Smithsonian Tropical Research Institute Center for Tropical Forest Service (CTFS) Research Grants Program
Location: Varies, 18 sites in 15 countries Participation Dates: Varies, 3 months to 3 years in length
The Research Grants Program of the Center for Tropical Forest Science (CTFS) of the Smithsonian Tropical Research Institute supports research associated with the CTFS network of Forest Dynamics Plots. This grants program is intended to provide opportunities for senior researchers, post-doctoral fellows, and graduate students to utilize existing Forest Dynamics Plots and to conduct research with scientists associated with these plots. The CTFS network of FDPs includes 18 sites in 15 countries. Anyone working directly in a Forest Dynamics Plot (FDP), analyzing data from a plot, or generating complementary data that strengthens FDP research programs is eligible to apply. Projects can be field-oriented, laboratory-based, or analytical, and scientifically, basic or applied in nature. The CTFS Research Grants Program will make awards for projects three months to three years in length.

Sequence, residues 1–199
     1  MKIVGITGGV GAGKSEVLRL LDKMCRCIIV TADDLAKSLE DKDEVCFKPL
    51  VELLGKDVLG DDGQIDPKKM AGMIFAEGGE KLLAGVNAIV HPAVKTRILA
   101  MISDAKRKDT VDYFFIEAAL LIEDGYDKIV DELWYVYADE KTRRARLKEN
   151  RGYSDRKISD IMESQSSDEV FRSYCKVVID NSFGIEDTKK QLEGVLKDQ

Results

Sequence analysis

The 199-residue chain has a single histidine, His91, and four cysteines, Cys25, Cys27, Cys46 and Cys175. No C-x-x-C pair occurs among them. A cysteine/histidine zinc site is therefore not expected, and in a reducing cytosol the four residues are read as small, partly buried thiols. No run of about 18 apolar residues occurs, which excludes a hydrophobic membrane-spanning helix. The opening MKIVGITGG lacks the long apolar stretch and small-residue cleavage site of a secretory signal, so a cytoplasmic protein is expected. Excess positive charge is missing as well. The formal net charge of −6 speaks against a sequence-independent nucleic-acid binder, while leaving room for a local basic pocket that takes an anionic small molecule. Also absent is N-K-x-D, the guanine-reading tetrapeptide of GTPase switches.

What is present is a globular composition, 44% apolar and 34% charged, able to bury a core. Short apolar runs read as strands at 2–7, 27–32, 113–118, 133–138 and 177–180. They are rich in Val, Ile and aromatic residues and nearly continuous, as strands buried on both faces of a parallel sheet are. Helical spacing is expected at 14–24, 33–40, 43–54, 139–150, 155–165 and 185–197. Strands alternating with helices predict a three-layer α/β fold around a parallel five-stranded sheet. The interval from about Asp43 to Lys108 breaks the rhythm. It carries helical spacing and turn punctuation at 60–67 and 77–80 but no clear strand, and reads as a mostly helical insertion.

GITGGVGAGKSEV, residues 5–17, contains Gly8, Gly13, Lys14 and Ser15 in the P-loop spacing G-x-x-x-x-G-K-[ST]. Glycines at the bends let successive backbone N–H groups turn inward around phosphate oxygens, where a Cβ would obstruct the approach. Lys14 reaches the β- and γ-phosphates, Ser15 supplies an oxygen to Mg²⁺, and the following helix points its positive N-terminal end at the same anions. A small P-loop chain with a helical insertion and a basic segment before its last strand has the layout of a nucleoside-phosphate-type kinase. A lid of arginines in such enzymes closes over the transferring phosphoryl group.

Benefits: Grants will range from $3,000-$30,000.
Eligibility: This opportunity is open to all researchers from graduate students to senior scientists. Applicants are welcome from all nationalities.
Application & Deadline: http://www.ctfs.si.edu - July 28, 2006
Contact: Smithsonian Tropical Research Institute CTFS Grants Program, Apartado 0843-03092, Balboa, Ancón, Panamá, República de Panamá; 507-212-8144
Help Support SEEDS
We invite you to contribute to ESA's SEEDS Program to help support and encourage greater diversity in the ecology profession. Contributions to the SEEDS program are tax deductible and are used to support special initiatives for underrepresented students. To contribute, visit www.esa.org/seeds/supportSEEDS.php
Please contact us at email@example.com. Send mail to: SEEDS Program, Ecological Society of America, 1400 Spring Street, Suite 330, Silver Spring, MD, 20910.